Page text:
In what may be the most obvious move ever, NBC/Comcast announced yesterday that they, too, will have a new streaming service. This parallels similar moves from Disney, Warner, CBS, and virtually everyone else on the planet. I presume by this time tomorrow my neighbor’s dog will have a streaming service.
It’s pretty much what you expect
Peacock, as they call it, will be the home for all of Comcast’s catalog content as well as shows that have aired on NBC in the past. Notably, by 2020 this may be the only place you can see Parks and Recreation and The Office. There will also be plenty of movies from the Universal Studios back catalog, as Comcast owns them too.
Comcast is taking a more Hulu-like approach here, as compared to its competitors Disney and AT&T. Without a lot of detail, they have announced that there will be commercial-laden and commercial-free tiers of the service. No pricing information has been announced yet. The service is expected to launch during the 2020 Olympics, which are covered exclusively by Comcast-owned stations.
A word about the name
A lot of media outlets are fixated on the name. Yeah let’s get this out of the way. It has pee in it, it has cock in it. But grow up, you’re not in the first grade. NBC has used the peacock, with its colorful plumage, as a symbol of its high-technology television for half a century. OK, I agree that they could have come up with another name for it that sounded more contemporary, like “NBC Max” or “NBC+.” But they didn’t. If you can’t say “peacock” without giggling, that’s on you not on them.
Where does this leave Netflix and Hulu?
There’s the real question. Netflix pioneered streaming video, and as I’ve said multiple times before, they used to be the only place I ever went. Hulu was originally founded by a coalition of the major broadcast networks as a way to jumpstart streaming technology.
So, Netflix is irrelevant now. I’ve said it already. Their catalog content is disappearing quickly and their original content is really inconsistent. For every Orange is the New Black there are ten weird movies that would have never seen the light of day if Netflix hadn’t paid for them. I don’t know what their next step is but I may not subscribe long enough to find out at this point.
Netflix clearly seems on the road to obsolescence and I’m beginning to think that Hulu is fast on their heels. Hulu is now an organ of the Walt Disney organization, now that two of their partner-operators (ABC and FOX) are Disney properties. But, their problems didn’t start there. Like everyone else, they want to rely on original programming but their one hit — The Handmaid’s Tale — has been a disappointment in the last two seasons as its producers try to stretch the tale past the point where the book stopped.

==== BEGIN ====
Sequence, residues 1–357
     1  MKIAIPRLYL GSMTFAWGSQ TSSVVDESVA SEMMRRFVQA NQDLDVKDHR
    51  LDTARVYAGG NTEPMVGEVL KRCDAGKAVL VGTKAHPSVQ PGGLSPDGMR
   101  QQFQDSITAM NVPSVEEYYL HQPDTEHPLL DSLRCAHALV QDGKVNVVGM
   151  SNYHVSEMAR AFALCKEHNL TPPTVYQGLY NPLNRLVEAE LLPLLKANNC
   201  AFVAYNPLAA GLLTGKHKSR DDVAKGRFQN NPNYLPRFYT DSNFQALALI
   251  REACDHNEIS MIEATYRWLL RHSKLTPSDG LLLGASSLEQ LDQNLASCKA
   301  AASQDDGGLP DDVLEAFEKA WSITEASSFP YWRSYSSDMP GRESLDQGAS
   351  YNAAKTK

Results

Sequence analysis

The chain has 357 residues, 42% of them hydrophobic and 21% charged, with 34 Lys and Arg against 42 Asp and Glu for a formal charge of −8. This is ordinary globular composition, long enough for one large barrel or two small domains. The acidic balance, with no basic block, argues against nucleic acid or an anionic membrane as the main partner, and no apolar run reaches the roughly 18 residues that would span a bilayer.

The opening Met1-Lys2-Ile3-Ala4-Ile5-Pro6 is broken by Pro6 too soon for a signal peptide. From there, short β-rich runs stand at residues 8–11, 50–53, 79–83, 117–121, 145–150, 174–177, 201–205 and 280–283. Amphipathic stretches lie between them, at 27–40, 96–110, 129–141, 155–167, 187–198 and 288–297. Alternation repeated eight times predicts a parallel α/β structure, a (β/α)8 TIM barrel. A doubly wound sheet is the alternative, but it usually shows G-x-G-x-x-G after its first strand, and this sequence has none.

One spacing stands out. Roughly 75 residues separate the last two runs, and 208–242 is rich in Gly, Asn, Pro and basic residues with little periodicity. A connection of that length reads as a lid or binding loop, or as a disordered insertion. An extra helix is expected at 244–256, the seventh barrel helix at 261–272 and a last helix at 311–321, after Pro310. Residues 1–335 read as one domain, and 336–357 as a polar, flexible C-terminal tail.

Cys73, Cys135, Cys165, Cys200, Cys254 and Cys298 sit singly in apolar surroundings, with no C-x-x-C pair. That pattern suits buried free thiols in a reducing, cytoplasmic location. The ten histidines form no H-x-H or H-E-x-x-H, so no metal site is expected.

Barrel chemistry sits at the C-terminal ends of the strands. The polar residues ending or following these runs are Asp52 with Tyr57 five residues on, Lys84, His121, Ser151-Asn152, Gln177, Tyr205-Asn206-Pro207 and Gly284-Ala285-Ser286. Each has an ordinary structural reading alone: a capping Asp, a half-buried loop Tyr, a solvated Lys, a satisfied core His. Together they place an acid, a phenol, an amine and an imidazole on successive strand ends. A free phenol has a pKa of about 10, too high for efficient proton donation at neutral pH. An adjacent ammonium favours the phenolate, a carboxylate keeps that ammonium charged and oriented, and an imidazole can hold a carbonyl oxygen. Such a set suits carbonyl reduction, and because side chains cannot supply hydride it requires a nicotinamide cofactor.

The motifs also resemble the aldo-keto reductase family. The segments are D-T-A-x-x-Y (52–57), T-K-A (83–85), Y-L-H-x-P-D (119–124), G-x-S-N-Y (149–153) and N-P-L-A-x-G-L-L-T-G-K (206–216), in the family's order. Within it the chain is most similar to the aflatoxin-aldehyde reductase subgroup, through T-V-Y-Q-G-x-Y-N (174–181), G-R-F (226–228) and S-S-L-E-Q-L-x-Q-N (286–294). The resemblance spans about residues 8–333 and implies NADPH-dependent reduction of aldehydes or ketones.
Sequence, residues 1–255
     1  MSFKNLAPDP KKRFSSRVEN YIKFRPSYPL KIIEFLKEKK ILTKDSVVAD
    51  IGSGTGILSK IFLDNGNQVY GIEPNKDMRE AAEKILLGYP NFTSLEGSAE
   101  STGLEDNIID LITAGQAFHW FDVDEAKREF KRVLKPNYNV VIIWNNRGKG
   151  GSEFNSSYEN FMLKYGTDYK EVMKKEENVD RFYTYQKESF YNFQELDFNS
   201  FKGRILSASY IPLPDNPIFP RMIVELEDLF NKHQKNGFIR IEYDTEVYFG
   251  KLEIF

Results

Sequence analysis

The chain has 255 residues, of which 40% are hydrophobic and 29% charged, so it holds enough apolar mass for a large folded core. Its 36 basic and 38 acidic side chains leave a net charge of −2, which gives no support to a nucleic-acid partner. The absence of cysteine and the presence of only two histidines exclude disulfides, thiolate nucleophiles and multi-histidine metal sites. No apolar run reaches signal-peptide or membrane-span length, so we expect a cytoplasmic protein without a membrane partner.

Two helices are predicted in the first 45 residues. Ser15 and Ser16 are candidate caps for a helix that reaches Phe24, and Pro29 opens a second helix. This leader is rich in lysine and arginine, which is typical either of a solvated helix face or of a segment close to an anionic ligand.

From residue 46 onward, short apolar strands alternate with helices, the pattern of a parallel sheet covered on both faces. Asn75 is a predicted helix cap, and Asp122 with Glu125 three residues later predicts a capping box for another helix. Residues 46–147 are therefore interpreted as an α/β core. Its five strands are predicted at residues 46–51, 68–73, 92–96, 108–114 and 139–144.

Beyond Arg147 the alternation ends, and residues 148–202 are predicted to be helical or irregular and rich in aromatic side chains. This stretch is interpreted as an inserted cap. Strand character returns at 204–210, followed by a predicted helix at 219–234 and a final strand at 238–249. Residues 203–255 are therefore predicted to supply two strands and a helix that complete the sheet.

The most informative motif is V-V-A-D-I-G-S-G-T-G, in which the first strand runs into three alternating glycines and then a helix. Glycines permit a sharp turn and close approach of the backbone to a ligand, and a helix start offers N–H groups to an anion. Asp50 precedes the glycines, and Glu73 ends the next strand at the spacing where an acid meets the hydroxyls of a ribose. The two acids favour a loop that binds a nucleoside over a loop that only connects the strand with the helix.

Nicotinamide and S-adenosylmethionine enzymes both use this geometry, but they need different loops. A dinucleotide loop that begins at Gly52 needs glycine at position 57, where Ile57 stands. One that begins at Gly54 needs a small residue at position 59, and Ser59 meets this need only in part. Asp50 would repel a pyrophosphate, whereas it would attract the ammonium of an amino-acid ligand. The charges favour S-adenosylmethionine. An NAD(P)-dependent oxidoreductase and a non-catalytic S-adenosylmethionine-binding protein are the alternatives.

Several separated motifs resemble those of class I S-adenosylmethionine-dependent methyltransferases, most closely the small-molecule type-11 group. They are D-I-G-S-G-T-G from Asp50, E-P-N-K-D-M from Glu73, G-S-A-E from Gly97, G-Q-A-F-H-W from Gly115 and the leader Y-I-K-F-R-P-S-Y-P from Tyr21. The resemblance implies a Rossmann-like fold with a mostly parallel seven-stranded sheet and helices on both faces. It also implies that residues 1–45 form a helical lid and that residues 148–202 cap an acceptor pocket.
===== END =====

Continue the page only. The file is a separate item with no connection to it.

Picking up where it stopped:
It seems like the days of the big, catch-all type streaming service are over. Without much of its NBC content, Hulu is nothing more than a place to get Fox and ABC content. This leaves Prime Video as the last big streaming service not attached to a studio, the last one that can be counted on for content from across the studio system. At least, of course, until every studio takes back their content and makes you use their app.
Where does this leave consumers?
At this point you have to look at what it really takes to get content from all the major content providers. If you keep Netflix and Hulu and factor in the cost of CBS All Access, Peacock, HBO Max, and Disney+, you’re already at about $70 a month, which doesn’t even give you any live TV at all. Add a live TV streaming service and you’re paying well north of $100.
I suspect that people will have to be more careful in what services they keep. I’ve already started cutting out services like CBS All Access when they don’t have a show I care about. I am guessing a lot of other people will do that too. The streamers make it easy for you to quit… that’s what people like about them. But it could also be their downfall. Disney is smart in offering people a yearly subscription. This will keep them from canceling quickly.
I think we’re moving closer and closer to a 2-tier system. I think that probably 90% of streaming services will be either free or cost less than $5 a month. But, they’ll have commercials. If you want commercial-free, you’ll end up renting individual movies or subscribing to a series. Does that sound so far fetched? People have said that the only thing they watch on Netflix is Friends. What if you could just pay 99 cents a month to watch nothing but Friends? That’s where it’s going I think.
As for the rest of the streaming services, the premium ones like Disney+ and HBO Max, I see the prices going up to the point where you can really only afford one of them at a time. So you’ll pick and choose the one you want for that month and cancel when you get the urge to move on.